Greetings again from the darkness. Husbands were surely disliked in the 1940’s, at least by writers and filmmakers. There is no shortage of films depicting the villainous husband targeting the unsuspecting and defenseless wife. Too many to list here, but a couple years prior to this one we had Suspicion, and a couple years after, we had Notorious. The latter also features Ingrid Bergman who won her first Oscar for Gaslight, one of the more atmospheric of the psychological noir-thrillers.
Based on the Patrick Hamilton play, this one features terrific lead performances by Ms. Bergman and Charles Boyer, a role quite against type for France’s romantic leading man. Joseph Cotten delivers a solid (and nice) supporting role as the interested and inquisitive Scotland Yard detective, and making her screen debut is an 18 year old Angela Lansbury (yes this movie is now 70 years old).
Mr. Boyer is quite convincing and creepy as the despicable husband out to persuade his bride that she is slipping into insanity. The psychological abuse is painful to watch, and the art/set direction provides such perfect decor that we share the claustrophobia and entrapment with Bergman’s Paula. This audience connection allows for a most effective comeuppance or revenge scene that is simply delicious.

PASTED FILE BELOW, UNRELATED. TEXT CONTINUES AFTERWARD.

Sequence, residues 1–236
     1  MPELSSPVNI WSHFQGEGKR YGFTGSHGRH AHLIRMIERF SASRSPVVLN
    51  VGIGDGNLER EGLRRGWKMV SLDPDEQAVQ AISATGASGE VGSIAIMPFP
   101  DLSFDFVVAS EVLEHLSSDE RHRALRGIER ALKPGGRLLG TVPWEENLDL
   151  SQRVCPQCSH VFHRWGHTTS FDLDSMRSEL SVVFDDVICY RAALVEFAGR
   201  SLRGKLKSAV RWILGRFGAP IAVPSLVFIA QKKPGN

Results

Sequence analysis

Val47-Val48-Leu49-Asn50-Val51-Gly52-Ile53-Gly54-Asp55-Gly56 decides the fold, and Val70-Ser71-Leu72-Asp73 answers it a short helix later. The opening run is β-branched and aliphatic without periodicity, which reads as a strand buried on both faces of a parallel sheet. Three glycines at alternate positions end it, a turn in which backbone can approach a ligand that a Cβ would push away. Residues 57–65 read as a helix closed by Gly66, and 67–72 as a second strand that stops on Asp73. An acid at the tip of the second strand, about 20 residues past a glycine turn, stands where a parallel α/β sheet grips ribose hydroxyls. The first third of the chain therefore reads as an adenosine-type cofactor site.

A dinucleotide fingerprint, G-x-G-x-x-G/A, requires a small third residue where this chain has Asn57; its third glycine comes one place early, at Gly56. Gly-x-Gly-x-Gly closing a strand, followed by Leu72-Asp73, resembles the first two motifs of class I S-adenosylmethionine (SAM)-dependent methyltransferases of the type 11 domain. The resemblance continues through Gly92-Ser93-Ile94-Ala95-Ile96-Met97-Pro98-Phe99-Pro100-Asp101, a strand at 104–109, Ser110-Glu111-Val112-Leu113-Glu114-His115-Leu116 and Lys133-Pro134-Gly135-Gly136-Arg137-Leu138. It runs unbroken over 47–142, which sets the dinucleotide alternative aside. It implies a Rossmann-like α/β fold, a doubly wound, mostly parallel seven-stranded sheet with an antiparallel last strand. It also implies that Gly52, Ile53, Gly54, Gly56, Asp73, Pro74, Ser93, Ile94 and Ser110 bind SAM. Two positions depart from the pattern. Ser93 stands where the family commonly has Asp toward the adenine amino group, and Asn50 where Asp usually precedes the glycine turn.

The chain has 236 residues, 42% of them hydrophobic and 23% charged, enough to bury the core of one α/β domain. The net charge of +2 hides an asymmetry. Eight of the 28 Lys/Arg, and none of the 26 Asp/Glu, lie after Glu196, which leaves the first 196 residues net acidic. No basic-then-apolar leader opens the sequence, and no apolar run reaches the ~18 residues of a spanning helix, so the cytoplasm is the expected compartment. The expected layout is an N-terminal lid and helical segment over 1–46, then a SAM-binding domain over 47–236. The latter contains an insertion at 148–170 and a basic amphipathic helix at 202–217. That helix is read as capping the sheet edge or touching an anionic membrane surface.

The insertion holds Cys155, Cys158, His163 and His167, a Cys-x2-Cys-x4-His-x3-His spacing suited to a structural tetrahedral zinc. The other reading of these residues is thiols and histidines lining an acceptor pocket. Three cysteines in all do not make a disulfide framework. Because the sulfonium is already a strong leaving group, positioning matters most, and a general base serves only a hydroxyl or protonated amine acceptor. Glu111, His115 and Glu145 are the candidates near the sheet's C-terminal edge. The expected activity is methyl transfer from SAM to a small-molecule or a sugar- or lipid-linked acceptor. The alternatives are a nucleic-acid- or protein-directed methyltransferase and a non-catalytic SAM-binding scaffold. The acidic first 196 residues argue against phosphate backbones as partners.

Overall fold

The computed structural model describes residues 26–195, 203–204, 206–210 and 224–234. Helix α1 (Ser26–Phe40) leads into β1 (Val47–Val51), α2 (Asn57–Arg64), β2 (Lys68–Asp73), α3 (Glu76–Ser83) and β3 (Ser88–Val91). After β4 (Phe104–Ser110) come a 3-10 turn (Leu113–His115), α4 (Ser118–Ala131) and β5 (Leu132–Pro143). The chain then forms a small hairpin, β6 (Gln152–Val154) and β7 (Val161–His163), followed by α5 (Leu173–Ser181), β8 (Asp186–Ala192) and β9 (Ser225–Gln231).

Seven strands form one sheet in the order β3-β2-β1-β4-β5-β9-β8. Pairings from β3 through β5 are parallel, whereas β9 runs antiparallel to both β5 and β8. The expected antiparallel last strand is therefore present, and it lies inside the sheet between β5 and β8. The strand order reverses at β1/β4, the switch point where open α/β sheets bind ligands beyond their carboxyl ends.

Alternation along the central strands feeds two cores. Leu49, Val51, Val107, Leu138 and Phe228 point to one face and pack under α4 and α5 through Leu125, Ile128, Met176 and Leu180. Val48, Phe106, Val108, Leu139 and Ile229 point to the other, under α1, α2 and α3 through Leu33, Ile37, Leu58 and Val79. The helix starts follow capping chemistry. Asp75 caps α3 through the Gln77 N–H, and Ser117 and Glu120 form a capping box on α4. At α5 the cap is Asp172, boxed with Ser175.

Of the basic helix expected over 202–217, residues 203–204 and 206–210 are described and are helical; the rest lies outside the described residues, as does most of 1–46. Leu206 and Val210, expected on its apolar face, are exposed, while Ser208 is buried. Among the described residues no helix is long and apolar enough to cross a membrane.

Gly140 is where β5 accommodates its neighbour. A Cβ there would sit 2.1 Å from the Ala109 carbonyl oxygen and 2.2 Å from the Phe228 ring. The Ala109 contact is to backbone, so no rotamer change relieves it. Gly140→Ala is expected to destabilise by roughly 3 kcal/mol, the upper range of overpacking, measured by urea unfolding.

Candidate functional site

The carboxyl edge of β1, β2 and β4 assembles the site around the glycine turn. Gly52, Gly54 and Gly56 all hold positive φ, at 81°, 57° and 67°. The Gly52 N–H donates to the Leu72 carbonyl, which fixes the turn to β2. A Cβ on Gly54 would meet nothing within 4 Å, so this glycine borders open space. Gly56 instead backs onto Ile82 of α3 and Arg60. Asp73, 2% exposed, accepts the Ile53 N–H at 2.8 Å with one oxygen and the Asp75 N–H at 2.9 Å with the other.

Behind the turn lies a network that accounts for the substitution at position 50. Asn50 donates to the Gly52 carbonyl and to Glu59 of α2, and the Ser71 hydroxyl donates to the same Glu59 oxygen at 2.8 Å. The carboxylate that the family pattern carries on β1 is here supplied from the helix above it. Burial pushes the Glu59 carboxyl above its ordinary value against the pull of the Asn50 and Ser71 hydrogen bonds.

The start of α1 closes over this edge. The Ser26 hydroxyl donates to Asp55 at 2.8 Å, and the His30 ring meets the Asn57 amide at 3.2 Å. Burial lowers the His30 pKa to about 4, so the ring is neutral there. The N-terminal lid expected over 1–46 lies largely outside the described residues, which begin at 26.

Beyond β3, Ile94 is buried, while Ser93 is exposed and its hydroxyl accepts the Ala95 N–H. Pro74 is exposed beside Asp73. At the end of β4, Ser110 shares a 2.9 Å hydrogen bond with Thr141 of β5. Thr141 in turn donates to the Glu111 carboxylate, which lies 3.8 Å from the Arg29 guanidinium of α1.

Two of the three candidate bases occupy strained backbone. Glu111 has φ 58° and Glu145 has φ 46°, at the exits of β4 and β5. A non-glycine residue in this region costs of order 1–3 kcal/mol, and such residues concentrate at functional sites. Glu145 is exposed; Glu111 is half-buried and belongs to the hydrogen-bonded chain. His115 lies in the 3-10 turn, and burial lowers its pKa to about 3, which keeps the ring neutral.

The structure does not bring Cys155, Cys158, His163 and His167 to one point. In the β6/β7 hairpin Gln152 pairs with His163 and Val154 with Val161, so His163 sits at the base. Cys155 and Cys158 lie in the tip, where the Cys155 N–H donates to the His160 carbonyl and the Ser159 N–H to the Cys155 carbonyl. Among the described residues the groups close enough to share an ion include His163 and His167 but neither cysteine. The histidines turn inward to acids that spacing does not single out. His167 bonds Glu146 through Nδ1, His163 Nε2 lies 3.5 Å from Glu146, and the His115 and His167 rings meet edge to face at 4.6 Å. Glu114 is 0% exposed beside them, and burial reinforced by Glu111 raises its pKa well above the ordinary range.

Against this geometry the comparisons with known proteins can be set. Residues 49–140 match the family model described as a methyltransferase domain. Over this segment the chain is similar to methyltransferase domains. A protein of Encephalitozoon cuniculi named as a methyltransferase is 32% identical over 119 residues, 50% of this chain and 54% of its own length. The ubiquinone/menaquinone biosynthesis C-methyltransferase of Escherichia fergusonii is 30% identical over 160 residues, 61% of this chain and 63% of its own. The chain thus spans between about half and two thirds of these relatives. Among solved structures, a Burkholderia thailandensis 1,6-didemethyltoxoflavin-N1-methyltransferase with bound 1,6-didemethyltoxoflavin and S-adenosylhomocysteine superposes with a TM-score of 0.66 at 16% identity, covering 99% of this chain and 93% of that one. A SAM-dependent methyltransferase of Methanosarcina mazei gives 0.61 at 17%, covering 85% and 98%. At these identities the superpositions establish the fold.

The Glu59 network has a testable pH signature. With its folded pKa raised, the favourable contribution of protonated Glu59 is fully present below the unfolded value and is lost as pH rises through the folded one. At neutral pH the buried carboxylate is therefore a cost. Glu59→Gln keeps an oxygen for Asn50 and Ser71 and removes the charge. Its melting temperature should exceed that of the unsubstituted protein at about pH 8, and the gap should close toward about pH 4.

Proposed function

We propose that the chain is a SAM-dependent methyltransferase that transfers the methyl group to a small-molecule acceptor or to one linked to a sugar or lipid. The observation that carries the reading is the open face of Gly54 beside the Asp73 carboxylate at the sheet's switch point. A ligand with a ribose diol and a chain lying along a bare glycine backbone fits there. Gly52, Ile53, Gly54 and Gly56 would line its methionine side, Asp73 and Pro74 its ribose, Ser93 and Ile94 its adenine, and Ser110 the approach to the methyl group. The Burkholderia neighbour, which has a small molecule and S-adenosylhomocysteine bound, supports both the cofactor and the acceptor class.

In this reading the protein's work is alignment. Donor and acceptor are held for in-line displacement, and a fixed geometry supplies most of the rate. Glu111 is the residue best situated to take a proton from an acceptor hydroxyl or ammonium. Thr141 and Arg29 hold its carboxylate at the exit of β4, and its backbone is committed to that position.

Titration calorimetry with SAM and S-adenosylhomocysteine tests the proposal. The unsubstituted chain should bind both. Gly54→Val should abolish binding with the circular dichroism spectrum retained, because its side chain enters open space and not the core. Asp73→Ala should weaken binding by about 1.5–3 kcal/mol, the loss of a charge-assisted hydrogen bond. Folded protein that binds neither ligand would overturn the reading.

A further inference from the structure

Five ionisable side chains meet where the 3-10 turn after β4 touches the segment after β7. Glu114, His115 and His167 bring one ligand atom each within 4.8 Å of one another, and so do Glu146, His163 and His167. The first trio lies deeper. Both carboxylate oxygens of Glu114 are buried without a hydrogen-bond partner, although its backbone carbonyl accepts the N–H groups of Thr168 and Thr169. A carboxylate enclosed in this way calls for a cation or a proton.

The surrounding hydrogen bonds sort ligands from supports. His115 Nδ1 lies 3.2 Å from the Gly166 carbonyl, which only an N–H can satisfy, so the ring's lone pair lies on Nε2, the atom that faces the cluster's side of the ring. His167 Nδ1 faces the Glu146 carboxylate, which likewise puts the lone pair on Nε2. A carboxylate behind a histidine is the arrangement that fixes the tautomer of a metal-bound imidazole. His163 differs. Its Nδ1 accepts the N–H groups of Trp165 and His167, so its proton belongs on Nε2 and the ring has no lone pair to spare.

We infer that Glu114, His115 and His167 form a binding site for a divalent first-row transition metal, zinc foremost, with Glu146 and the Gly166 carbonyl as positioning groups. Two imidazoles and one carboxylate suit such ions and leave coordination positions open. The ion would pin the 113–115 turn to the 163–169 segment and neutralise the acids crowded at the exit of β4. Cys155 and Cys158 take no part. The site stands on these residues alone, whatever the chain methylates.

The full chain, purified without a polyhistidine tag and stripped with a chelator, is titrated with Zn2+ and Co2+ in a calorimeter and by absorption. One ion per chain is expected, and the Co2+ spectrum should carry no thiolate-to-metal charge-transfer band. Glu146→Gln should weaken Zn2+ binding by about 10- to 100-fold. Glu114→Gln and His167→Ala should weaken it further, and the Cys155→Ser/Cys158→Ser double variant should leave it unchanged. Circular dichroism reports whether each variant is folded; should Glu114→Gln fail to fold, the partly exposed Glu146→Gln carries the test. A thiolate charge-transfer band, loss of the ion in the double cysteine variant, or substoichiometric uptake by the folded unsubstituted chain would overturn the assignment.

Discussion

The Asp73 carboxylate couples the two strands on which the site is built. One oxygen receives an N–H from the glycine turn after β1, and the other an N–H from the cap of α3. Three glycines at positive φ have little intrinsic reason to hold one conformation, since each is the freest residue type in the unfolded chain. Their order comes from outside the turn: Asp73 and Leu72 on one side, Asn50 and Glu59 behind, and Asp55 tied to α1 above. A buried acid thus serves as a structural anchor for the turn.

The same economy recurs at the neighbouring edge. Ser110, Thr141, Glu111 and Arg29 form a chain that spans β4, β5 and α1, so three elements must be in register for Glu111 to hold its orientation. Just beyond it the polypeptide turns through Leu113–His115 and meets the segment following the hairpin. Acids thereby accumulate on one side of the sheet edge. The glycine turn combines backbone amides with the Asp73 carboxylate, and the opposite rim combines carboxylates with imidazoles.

There was actually a mostly unsuccessful UK film version in 1940, but it doesn’t stand up to this expert production from director George Cukor. Mr. Cukor is the legendary director behind such classics as Little Women, The Philadelphia Story, and My Fair Lady. Gaslight received 7 Oscar nominations and in addition to Ms. Bergman’s win, it also took home the statue for Best Art Direction. The film, Cukor and Boyer all lost out to that year’s big winner Going My Way (Bing Crosby, Leo McCarey). Not many films have a psychology term named after them … here’s hoping you are never a victim of “gaslighting”.
**NOTE: the beautifully unique brass bed in the film is also featured as Judy Garland’s bed in the classic Meet Me in St. Louis
watch the trailer: